FUNDING NOTE: Opportunities to Coordinate 21st Community Learning Centers Funding with the Child Care and Development Fund January 2011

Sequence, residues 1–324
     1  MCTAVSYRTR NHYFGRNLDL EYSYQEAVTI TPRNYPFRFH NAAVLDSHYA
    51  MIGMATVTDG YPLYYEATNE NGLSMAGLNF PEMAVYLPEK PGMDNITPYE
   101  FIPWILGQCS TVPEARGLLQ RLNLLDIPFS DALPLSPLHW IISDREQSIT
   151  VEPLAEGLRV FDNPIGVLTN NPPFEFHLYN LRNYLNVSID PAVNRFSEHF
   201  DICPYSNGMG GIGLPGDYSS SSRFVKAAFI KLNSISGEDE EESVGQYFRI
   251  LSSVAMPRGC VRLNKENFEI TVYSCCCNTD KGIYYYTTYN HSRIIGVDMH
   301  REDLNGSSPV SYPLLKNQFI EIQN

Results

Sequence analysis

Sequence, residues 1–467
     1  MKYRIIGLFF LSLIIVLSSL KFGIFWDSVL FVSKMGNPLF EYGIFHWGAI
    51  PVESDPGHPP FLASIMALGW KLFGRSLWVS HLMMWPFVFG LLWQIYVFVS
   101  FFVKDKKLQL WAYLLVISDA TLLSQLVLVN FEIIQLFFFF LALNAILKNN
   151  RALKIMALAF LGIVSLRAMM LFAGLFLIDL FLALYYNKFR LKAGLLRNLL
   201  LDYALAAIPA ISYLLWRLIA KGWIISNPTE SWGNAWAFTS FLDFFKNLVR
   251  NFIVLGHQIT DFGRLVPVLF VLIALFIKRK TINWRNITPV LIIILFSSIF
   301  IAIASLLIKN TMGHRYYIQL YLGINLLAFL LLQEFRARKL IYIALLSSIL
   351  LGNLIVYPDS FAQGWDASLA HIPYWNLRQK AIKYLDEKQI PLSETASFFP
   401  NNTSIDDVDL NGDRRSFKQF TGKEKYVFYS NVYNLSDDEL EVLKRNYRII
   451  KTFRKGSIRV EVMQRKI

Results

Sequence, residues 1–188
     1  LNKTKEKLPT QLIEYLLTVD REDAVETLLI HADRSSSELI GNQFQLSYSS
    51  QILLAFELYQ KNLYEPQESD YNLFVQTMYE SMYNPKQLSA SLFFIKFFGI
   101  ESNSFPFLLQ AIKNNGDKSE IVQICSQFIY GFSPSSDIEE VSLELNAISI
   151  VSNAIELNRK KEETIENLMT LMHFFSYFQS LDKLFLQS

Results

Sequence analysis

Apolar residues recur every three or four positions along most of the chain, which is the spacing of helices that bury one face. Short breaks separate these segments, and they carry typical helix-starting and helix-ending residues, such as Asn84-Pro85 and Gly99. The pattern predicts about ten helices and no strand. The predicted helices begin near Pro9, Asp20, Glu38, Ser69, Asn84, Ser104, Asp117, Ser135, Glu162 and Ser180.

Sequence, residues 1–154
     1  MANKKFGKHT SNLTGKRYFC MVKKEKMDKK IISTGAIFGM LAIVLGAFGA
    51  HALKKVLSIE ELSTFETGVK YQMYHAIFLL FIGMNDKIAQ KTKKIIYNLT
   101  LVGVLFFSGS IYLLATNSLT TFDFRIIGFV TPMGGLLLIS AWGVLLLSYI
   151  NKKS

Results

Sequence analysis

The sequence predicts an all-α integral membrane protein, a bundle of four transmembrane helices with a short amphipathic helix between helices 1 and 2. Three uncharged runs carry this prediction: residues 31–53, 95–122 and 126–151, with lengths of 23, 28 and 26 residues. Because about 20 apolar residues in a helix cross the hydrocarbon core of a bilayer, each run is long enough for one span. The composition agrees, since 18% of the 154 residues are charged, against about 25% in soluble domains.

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1 FUNDING NOTE: Opportunities to Coordinate 21st Community Learning Centers Funding with the Child Care and Development Fund January 2011 The Child Care and Development Fund (CCDF) administered by the Office of Child Care, Administration on Children and Families (ACF), U.S. Department of Health and Human Services, and the 21 st Century Community Learning Centers (21 st CCLC) administered by the Office of Elementary and Secondary Education (OESE), U.S. Department of Education, are two of the largest federal funding streams that support access to high quality school-age programs. Both federal programs have a common goal -- to support safe places for school-age children to spend time before and after school and during the summer months. However, they differ in how funds are distributed, eligibility requirements, and how funds can be used. This funding note provides State child care administrators and other school-age stakeholders with an overview of the 21 st CCLC program, and highlights potential areas for coordination with CCDF. CCDF provides the largest federal investment in school-age programs, distributing $7 billion to States, Territories, and Tribes in Fiscal Year (FY) 2009, including $2 billion provided under the American Recovery and Reinvestment Act. Funds support child care subsidies for children from low-income families, ages birth through 12; and over 40 percent of children served are age five or older. The 21 st CCLC, a $.1.2 billion program, provides grants to States to fund after school, before school and summer programming to nearly 1.5 million children in almost nine thousand sites nationally. 1 The table below provides a side-by-side comparison of the key elements of these two federal programs. 21 st Century Community Learning Centers Child Care and Development Fund Flow of Funds Federal formula grants to States, who distribute funds to schools, community-based and/or faith-based organizations through a competitive grant process. Federal block grant to States and Territories for subsidy program for low-income parents. Targeted dollars for quality, infant-toddler, and school-age and resource & referral. Program Requirements Programs must provide academic enrichment in the areas of math and literacy; and Programs must meet State health and safety licensing requirements. meet the relevant safety and licensing requirements. Goal of Program Supports the creation of community learning centers that provide academic enrichment Program provides care to children while parents are working or in training. during non-school hours for students that attend highpoverty schools. Program Administration U.S. Department of Education. U.S. Department of Health and Human Services. Funding Amounts to States In FY 2008, $1.08 billion total awards to 52 grantees; range of awards was $5.29 million to $131 million. 2 1 In FY 2009, $2.06 billion plus $1.2 billion in ARRA funding. Range of awards for States was $8.38 million - $530 million st CCLC Profile and Performance Information Collection System (PPICS). Retrieved December 24, st Century Community Learning Centers, Funding Status. Retrieved July 28, 2010.